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Step 4: Designing your Dialogue sessions

The Dialogue team adapts the standard Dialogue sessions so that they are tailored to the specifics of the community and the Dialogue topic

What’s the aim?

To create customised Dialogue sessions which are tailored to the specifics of the community and the Dialogue topic.

What is this step about? 

At the heart of the Generation Dialogue are five weekly Dialogue sessions, lasting half a day each, in which 24 younger and older men and 24 younger and older women meet in single-sex groups. The Dialogue sessions are built around six interactive exercises. These allow participants to practice listening respectfully and giving constructive feedback, to discuss the core issues of the Dialogue through the lens of their own life experiences (‘life-path exercise’), to identify traditional values which they believe should be upheld as well as practices which should be modified or abandoned, and to consider what individuals and institutions in the community could do to bring about these changes.

This step is about customising the standard Dialogue sessions for the community in which you are working and the topic which the Dialogue seeks to address. Learnings and insights from the Community Consultations (Step 3) are applied to the core Dialogue exercises to create a Dialogue manual tailored to your specific Dialogue process.

What do you need to do?

To design and prepare the Dialogue sessions, coordinators and facilitators should jointly review and adapt each of the core exercises by going through the steps below. Doing this as a team is the best way to prepare facilitators to conduct the Dialogue sessions in the community:

  • Read through each exercise to understand how it works and the logic behind it. What is each exercise intended to achieve? How do the exercises build upon one another? How do they create trust, deepen reflection and build a commitment to action among the Dialogue participants?
  • Think about each exercise in relation to the topic of your Dialogue. What modifications are needed so that the exercise will work smoothly for the topic you are addressing? So that it will make sense in your particular cultural context? The details of certain role-play exercises may need to be adjusted, for example, and the items for the life-path exercise will need to be tailored to your setting.
  • Practice doing the exercise in the local language. Think through the terms you will use to convey key ideas and concepts. While practicing, listen carefully to the words and phrases you use, and give each other feedback.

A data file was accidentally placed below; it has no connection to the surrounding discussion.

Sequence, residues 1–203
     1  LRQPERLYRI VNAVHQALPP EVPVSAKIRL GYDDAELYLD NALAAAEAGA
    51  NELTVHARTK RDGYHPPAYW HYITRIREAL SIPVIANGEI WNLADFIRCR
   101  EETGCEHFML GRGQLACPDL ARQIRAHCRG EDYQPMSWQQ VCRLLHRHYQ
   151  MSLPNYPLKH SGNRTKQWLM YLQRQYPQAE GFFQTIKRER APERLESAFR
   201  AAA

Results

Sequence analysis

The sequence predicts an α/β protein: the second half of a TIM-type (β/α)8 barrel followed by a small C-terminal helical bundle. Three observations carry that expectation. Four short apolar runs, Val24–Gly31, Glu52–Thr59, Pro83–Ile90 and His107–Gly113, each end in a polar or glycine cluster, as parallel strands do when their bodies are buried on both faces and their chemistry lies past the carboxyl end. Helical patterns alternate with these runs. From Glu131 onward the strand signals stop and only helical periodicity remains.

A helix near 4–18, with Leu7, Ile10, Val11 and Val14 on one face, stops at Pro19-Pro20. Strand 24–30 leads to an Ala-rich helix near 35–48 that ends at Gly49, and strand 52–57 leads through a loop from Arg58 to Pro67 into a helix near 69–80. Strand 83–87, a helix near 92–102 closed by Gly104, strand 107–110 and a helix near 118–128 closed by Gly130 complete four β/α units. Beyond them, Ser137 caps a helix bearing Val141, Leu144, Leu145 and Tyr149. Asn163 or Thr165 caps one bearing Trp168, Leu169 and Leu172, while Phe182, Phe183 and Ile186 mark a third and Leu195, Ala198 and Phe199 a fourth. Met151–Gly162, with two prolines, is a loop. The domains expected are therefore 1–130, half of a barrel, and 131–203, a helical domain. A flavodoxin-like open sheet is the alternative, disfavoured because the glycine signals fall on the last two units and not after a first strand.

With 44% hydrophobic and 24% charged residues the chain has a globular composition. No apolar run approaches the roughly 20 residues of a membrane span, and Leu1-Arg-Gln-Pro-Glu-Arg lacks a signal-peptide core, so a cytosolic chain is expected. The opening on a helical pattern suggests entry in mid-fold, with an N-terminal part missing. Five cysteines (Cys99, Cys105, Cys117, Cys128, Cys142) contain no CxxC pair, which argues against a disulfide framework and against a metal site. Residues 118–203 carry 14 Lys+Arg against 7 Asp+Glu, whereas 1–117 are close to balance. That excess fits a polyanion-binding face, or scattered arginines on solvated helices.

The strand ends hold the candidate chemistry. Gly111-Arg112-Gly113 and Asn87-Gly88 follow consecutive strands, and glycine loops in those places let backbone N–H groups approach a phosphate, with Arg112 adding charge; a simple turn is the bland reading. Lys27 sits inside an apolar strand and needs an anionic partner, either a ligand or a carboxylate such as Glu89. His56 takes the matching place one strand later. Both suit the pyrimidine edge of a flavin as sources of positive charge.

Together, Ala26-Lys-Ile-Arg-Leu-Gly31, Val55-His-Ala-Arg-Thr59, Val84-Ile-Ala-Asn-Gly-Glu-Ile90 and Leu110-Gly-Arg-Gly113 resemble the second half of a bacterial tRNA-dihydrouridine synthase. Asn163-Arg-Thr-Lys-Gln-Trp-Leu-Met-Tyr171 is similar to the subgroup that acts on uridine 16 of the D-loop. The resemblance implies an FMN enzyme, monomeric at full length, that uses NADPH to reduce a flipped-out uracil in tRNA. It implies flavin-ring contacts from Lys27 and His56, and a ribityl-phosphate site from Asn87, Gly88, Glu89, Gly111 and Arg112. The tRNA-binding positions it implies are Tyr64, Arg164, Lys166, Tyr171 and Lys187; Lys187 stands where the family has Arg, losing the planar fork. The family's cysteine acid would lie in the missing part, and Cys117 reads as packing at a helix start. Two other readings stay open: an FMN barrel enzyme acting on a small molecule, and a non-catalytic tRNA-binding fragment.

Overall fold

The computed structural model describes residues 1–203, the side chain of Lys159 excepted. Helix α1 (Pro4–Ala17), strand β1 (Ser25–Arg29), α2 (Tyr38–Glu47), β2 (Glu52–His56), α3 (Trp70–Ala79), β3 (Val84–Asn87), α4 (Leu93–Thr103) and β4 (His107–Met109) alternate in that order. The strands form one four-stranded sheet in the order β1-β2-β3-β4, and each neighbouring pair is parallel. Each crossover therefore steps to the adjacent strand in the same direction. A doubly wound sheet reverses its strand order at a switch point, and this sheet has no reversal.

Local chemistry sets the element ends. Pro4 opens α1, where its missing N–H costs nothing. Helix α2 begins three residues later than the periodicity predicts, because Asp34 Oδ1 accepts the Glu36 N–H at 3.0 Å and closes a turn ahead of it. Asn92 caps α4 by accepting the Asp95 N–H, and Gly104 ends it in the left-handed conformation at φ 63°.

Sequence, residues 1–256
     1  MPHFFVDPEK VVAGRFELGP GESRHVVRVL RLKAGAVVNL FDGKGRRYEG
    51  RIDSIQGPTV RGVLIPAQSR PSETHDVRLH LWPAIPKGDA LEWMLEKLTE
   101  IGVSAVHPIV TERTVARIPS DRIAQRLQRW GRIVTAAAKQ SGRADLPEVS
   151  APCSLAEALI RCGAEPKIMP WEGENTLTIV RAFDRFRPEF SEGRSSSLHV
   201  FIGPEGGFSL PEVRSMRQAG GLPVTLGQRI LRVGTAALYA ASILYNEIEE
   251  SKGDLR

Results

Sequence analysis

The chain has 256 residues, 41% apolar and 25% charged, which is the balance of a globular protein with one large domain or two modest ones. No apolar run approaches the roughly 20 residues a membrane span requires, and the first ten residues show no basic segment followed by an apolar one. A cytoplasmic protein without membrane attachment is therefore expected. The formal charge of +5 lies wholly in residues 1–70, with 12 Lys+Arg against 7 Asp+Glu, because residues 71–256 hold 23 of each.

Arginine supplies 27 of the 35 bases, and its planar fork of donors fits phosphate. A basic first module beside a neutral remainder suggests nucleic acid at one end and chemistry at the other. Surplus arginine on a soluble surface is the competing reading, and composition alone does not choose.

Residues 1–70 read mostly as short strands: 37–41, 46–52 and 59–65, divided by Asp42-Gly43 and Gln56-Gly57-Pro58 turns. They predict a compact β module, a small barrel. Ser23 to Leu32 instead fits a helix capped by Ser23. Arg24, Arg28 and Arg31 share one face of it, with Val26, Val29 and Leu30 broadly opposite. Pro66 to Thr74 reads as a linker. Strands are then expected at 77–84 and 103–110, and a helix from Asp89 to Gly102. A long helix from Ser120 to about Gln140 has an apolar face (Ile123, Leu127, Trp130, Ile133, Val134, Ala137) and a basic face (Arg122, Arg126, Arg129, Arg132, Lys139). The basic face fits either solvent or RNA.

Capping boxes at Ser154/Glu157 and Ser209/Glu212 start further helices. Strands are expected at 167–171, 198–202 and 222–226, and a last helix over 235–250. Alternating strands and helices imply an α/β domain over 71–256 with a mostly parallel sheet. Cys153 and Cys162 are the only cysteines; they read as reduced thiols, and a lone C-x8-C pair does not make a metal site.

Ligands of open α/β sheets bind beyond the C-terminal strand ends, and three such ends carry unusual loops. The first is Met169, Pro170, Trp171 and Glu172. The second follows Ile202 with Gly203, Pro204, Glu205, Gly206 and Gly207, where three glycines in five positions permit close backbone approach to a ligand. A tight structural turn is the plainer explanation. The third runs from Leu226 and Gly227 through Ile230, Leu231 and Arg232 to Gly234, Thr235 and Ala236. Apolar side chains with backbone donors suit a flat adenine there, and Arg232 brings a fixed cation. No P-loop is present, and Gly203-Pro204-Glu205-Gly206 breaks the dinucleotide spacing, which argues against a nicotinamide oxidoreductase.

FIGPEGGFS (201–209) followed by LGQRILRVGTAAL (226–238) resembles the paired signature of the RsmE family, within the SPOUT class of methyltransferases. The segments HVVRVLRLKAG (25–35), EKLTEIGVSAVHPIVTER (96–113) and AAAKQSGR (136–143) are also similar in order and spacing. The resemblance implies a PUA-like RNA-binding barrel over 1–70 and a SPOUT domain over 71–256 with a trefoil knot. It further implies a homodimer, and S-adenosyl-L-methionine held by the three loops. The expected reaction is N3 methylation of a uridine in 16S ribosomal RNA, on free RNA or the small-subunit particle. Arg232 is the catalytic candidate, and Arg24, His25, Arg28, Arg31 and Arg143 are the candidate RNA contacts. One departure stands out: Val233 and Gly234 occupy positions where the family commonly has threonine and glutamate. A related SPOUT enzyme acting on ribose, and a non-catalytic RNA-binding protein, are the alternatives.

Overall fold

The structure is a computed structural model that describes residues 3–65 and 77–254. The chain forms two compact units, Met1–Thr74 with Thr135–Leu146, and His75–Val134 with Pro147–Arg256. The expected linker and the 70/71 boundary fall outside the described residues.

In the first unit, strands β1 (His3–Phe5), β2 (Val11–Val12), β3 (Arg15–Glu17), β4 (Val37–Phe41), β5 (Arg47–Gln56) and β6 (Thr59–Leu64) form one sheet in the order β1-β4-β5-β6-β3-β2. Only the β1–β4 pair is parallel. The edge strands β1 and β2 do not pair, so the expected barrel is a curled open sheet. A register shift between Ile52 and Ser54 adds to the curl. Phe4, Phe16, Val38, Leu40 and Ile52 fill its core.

• Note down any changes you wish to introduce. The Dialogue manual has been designed with extra space for notes next to each exercise. Keep track of the changes you want to introduce during your sessions. If you wish to update the Dialogue manual in electronic form, you can contact the Sector Programme and request the files as Word documents.

An alternative approach
If your Dialogue team is participating in an introductory workshop about the Generation Dialogue  in another country, the coordinators will start adapting the exercises during the workshop. Once back home, the facilitators can be brought into the adaptation process by doing each of the exercises, along with the coordinators, and then discussing with them whether it works or if it could be refined further. In this way, the resulting exercises will be the joint product of the whole team – and the whole team will be well-prepared to lead these exercises in the community.

What resources can you use?

Use the Dialogue session manual as the basis for designing your Dialogue sessions. The core exercises are explained step-by-step, with space for you to adapt and change them as needed.

These sample lists of traditional and modern objects for men and women can help you think through the materials you want to have one hand for the life-path exercises in your community.

How do you monitor this step?

Prepare a short report about this step of the Dialogue. The report should describe the process you followed to prepare your Dialogue sessions and summarise the types of changes you introduced.

How do you know you’re ready to proceed to the next step?

An adapted Dialogue manual has been prepared by Dialogue coordinators and facilitators. Facilitators grasp the logic behind each exercise and understand how they build upon one another to create trust, deepen reflection, and build a commitment to change among Dialogue participants. They have practiced conducting the core exercises in the local language. 

Do’s and Don’ts

  • DO have an experienced Dialogue expert look at the adapted exercises and get his or her feedback before conducting them in the community.
  • DON’T forget to practice the exercises in the language in which the sessions will be conducted.
  • DO have the facilitators practice the exercises in single-sex pairs and not only in mixed groups. This is because the first four Dialogue sessions are facilitated separately for men and for women.
© GIZ/Karsten van der Oord
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